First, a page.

From 1976 through 1985, the federal government has piled up $1.113 trillion dollars in deficits. During this same period, the outstanding federal debt jumped from $632 billion to $1.828 trillion. The need for tax revenue became overwhelming, and with tax-exempt interest being paid on some $725 billion of municipals, the obvious target for that needed tax revenue was tax-exempt bonds.

These two factors account for the constant effort by the Treasury and Congress to capture tax-exempt income. They lead to what holders of tax-exempt bonds regard as the threat of a "breach-of-faith" by Congress.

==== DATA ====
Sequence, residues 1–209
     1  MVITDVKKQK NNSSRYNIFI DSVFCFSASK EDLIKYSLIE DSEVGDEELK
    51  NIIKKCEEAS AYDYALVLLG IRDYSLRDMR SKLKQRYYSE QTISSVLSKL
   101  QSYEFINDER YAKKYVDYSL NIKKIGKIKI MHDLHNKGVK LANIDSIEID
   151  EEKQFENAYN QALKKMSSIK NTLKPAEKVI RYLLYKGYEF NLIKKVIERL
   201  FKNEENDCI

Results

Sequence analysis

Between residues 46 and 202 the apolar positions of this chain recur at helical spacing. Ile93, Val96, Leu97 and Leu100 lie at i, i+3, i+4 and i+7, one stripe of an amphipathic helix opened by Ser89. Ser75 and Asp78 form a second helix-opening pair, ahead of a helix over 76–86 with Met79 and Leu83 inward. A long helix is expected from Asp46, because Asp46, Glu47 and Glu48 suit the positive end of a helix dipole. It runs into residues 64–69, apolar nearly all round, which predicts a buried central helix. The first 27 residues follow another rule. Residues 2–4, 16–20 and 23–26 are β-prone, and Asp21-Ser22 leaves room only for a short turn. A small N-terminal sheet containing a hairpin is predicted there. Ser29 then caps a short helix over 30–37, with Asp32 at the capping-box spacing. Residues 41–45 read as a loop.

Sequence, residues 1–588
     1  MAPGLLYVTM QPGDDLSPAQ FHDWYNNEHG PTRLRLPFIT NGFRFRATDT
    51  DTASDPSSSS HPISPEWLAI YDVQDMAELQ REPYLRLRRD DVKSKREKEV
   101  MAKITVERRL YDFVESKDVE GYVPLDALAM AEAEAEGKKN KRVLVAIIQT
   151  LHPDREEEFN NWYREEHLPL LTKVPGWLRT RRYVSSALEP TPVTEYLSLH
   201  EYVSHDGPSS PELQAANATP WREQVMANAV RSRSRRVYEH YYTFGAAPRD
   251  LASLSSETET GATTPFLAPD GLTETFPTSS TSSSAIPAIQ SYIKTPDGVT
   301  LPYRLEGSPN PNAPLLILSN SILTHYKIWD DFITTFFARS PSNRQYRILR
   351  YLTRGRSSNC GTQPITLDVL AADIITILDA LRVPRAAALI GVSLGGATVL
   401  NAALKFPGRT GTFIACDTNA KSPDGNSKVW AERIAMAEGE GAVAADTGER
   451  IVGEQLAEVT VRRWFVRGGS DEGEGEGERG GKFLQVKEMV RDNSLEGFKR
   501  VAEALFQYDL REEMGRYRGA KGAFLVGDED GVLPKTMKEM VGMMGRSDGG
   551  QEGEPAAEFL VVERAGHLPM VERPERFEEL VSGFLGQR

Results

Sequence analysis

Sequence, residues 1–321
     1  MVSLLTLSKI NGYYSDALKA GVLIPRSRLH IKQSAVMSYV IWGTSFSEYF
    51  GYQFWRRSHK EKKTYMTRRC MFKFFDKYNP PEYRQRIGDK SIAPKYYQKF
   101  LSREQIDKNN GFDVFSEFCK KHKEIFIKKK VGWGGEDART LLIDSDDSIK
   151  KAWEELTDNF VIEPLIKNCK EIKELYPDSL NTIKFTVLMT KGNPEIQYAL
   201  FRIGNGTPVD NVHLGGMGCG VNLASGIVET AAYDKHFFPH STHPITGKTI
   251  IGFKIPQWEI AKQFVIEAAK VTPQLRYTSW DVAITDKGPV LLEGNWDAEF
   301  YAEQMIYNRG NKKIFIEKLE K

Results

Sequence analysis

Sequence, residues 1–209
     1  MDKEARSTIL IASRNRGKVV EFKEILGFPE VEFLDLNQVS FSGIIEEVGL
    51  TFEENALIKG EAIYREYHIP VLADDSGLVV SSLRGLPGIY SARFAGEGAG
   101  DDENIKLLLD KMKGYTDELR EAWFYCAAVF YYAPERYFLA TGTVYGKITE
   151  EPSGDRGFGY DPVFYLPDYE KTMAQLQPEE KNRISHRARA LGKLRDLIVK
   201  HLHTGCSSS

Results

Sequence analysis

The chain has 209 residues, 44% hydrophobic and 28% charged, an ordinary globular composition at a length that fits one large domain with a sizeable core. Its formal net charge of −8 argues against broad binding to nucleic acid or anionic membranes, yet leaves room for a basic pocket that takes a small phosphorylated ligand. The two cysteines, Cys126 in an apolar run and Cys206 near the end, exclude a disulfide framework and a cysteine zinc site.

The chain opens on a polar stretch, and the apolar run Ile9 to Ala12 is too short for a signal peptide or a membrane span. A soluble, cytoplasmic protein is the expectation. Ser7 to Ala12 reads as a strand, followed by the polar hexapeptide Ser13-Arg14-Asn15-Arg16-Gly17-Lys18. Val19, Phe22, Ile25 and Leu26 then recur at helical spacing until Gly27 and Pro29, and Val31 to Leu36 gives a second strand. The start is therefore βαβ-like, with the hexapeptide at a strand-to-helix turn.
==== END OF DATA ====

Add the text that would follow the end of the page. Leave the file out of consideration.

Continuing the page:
But there is another side to the equation -- the threat to the legitimate issuers of municipal securities and ultimately to all taxpayers. The ability of states and local governments to issue tax-exempt securities allows them to borrow money at lower interest rates. If these securities become partially or totally taxable, higher interest rates will be needed to attract buyers. This would require higher taxes, in order to pay the higher interest on the municipal issues.

The disruption of the municipal market is another unsettling effect of the Packwood proposal. Peter Gordon, who is in charge of the T. Rowe Price tax-exempt funds, points out, "the greatest concern I have is that for each of our four funds, we have an obligation to determine the fair value of the securities daily so that investors can buy or sell shares in our funds."